The Department of Social Development is set to conduct dialogues on Alzheimer’s disease in Engcobo, Cofimvaba and Lady Frere in the Eastern Cape, from today until Friday.
This forms part of the build-up to World Alzheimer’s Day, which is commemorated annually on 21 September, where world organisations’ efforts are focused on raising awareness about Alzheimer’s and Dementia.
Alzheimer’s is a chronic neurodegenerative disease, which worsens gradually as senior citizens advance in years.
Common symptoms include difficulty in remembering recent events, problems with language, disorientation, mood swings and loss of motivation.
The department said it chose the area in the Eastern Cape due to the number of older persons accused of witchcraft and get killed as a result.
“The growing number of affected people causes an increased demand for services to persons affected by Alzheimer’s disease. Lack of information about Alzheimer’s has often led to many people, especially older persons, being accused of witchcraft and killed by their fellow community members because of a lack of understanding of the condition,” the department said.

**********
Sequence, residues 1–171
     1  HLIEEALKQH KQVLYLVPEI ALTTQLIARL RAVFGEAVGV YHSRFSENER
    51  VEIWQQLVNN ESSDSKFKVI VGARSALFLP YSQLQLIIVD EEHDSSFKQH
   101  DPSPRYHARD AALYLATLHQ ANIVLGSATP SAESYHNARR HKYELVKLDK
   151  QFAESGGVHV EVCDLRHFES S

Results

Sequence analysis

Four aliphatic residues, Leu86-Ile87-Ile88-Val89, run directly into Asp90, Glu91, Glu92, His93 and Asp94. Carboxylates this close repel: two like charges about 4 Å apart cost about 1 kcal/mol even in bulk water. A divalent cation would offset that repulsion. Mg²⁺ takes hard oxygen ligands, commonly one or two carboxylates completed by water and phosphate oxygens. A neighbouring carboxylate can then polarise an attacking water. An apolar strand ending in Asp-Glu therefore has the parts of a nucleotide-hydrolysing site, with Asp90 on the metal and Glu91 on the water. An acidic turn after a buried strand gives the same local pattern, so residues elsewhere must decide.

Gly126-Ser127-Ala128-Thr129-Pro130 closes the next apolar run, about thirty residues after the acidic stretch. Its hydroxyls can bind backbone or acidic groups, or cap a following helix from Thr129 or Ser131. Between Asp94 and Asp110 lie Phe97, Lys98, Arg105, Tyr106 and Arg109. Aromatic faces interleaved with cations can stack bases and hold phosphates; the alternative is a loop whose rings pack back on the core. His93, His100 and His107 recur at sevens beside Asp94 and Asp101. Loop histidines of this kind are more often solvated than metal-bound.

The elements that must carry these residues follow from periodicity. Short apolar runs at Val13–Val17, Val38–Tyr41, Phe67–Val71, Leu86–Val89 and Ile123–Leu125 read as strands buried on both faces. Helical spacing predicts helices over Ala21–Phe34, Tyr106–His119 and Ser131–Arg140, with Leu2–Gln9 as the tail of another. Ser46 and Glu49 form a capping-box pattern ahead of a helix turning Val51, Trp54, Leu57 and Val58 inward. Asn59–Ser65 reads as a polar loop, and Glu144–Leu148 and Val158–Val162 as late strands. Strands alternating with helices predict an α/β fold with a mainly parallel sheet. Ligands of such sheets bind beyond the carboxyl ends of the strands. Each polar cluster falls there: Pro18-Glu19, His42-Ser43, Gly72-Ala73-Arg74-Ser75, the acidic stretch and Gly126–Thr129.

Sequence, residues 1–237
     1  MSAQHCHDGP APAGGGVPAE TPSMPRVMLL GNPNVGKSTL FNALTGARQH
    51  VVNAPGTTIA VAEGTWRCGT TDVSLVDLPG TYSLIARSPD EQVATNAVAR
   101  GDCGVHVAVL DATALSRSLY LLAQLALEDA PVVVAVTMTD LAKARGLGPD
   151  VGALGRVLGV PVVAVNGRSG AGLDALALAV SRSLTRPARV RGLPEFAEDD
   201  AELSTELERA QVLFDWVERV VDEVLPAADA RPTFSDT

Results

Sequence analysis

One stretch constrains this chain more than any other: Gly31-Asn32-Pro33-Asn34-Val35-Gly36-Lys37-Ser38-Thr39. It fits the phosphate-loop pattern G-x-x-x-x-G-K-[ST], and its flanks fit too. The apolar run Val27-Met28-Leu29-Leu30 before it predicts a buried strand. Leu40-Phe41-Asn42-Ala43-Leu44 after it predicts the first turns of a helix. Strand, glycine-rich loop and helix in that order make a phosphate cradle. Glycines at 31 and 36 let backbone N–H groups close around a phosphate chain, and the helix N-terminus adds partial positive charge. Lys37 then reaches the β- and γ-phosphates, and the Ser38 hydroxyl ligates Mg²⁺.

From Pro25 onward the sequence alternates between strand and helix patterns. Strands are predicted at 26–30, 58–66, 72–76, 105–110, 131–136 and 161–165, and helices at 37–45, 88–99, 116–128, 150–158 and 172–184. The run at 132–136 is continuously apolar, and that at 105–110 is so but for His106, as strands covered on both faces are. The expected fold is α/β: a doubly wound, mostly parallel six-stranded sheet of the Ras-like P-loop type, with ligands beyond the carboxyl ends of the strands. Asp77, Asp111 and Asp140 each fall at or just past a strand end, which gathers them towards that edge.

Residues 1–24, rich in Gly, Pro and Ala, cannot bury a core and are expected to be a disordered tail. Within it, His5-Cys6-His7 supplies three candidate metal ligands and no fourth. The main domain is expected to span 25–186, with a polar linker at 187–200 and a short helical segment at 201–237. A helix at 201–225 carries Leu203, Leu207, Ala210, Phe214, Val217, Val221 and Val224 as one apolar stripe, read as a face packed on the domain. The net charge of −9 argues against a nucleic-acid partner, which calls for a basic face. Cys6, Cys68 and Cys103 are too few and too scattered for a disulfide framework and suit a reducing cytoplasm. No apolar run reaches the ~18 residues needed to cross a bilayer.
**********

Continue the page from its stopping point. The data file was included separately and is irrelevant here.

Alzheimer’s is mostly prevalent amongst older persons, however, its onset may start as early as 30 years.
The condition affects the brain, thus leading to the eventual death of nerve cells and loss of brain tissue, which is regarded as the most common cause of dementia.
Every 68 seconds, someone develops Alzheimer’s disease. The condition is often called a family disease, because of the chronic stress of watching a loved one slowly deteriorating, which affects every member of the family. – SAnews.gov.za